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Uraeginthus ianthinogaster

Uraeginthus ianthinogaster(*)

Superregnum: Eukaryota
Regnum: Animalia
Subregnum: Eumetazoa
Cladus: Bilateria
Cladus: Nephrozoa
Superphylum: Deuterostomia
Phylum: Chordata
Cladus: Craniata
Subphylum: Vertebrata
Infraphylum: Gnathostomata
Superclassis: Tetrapoda
Cladus: Reptiliomorpha
Cladus: Amniota
Classis: Reptilia
Cladus: Eureptilia
Cladus: Romeriida
Subclassis: Diapsida
Cladus: Sauria
Infraclassis: Archosauromorpha
Cladus: Crurotarsi
Divisio: Archosauria
Subsectio: Ornithodira
Subtaxon: Dinosauromorpha
Cladus: Dinosauria
Ordo: Saurischia
Cladus: Eusaurischia
Cladus: Theropoda
Cladus: Neotheropoda
Infraclassis: Aves
Ordo: Passeriformes
Subordo: Passeri
Infraordo: Passerida
Superfamilia: Passeroidea

Familia: Estrildidae
Genus: Uraeginthus
Species: Uraeginthus ianthinogaster
Subspecies: U. i. hawkeri – U. i. ianthinogaster – U. i. roosevelti – U. i. rothschildi – U. i. ugandae
Name

Uraeginthus ianthinogaster Reichenow, 1879
References

Ornithologisches Centralblatt 4 p. 114
Vernacular names
čeština: motýlek modrobřichý
Cymraeg: Grenadwr porffor
Deutsch: Veilchenastrild
English: Purple grenadier
suomi: Kobolttipeippo
français: Cordonbleu violacé
magyar: Bíbormellű pillangópinty, kékhasú gránátpinty
日本語: ムラサキトキワスズメ
Nederlands: Blauwbuikgranaatastrild
norsk: Purpurastrild
svenska: Violastrild
中文: 紫蓝饰雀

The purple grenadier (Granatina ianthinogaster) is a common species of estrildid finch found in eastern Africa.

Description

The length averages 13.3 cm (5.25 in). All ages and sexes have a black tail, and adults have a red bill. The male has a cinnamon-colored head and neck with a blue patch surrounding the eye. The rump is purplish blue and the underparts are violet-blue with variable rufous patches. The female is smaller and mostly cinnamon brown with white barring on the underparts and silver-blue eyepatches. Juveniles are like females, but mostly unbarred tawny-brown with a reddish-brown bill.[2]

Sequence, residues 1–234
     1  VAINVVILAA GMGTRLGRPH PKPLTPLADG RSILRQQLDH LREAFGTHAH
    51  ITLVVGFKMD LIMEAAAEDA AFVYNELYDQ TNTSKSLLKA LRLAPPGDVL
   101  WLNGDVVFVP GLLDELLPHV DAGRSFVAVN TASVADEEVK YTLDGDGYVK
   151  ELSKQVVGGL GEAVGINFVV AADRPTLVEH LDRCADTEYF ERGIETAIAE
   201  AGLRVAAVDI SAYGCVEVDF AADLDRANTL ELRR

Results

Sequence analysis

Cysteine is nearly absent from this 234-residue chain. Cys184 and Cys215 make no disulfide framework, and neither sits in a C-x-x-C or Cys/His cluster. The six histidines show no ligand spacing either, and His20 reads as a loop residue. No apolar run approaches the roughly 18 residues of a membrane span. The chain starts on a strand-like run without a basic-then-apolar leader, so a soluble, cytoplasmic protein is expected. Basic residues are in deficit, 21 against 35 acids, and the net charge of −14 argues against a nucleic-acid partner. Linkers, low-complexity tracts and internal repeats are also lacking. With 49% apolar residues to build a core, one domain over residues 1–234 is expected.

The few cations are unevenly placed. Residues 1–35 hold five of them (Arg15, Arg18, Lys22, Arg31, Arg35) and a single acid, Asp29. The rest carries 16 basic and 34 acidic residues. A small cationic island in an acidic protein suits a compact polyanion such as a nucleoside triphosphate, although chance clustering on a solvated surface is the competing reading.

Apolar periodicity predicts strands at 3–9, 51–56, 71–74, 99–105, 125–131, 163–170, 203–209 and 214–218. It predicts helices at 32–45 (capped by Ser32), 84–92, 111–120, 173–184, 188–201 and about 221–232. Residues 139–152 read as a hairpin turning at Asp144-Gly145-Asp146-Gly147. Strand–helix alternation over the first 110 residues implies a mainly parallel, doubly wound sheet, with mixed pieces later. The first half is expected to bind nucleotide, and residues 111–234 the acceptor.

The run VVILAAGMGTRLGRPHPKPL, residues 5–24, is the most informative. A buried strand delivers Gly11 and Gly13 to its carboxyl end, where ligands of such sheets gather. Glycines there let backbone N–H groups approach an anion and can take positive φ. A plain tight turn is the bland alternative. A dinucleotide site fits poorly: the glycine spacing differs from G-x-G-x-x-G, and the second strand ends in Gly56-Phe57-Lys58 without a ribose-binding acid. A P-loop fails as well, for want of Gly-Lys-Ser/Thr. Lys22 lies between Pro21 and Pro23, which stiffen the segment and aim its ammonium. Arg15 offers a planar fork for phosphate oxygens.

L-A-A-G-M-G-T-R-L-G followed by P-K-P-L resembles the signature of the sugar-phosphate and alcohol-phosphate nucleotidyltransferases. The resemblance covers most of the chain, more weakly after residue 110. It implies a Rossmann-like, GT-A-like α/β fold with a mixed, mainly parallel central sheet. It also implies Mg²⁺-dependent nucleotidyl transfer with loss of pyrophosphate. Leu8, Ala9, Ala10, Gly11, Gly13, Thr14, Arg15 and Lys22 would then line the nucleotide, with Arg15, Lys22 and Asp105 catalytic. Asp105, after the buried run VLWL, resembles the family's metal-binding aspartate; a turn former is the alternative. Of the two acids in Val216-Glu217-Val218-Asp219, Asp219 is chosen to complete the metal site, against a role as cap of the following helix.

The song (in Kenya) is described as "a high, thin chit-cheet tsereea-ee-ee tsit-tsit, or cheerer cheet tsee-tsee sur-chit."[2]

The phylogeny has been obtained by Antonio Arnaiz-Villena et al.Arnaiz-Villena, A.; Ruiz V.; González C. (1999). "Los Azulitos Africanos" (PDF). Revista Pájaros. 35.</ref>
Range and habitat

It is found in subtropical and tropical (lowland) dry shrubland in Ethiopia, Kenya, Somalia, South Sudan, Tanzania and Uganda, an estimated global extent of occurrence of 1,500,000 km2. The status of the species is evaluated as Least Concern.[3]
Origin

Origin and phylogeny has been obtained by Antonio Arnaiz-Villena et al.[4] Estrildinae may have originated in India and dispersed thereafter (towards Africa and Pacific Ocean habitats).

References

BirdLife International (2016). "Granatina ianthinogaster". IUCN Red List of Threatened Species. 2016: e.T22719504A94630724. doi:10.2305/IUCN.UK.2016-3.RLTS.T22719504A94630724.en. Retrieved 12 November 2021.
Zimmerman, Dale A.; Turner, Donald A.; Pearson, David J. (1999). Birds of Kenya and Northern Tanzania. Princeton University Press. pp. 254–255, 553. ISBN 978-0-691-01022-9.
BirdLife International (2004). "Uraeginthus ianthinogaster". IUCN Red List of Threatened Species. 2004. Retrieved 7 June 2007. .
Arnaiz-Villena, A; Ruiz-del-Valle V; Gomez-Prieto P; Reguera R; Parga-Lozano C; Serrano-Vela I (2009). "Estrildinae Finches (Aves, Passeriformes) from Africa, South Asia and Australia: a Molecular Phylogeographic Study" (PDF). The Open Ornithology Journal. 2: 29–36. doi:10.2174/1874453200902010029.

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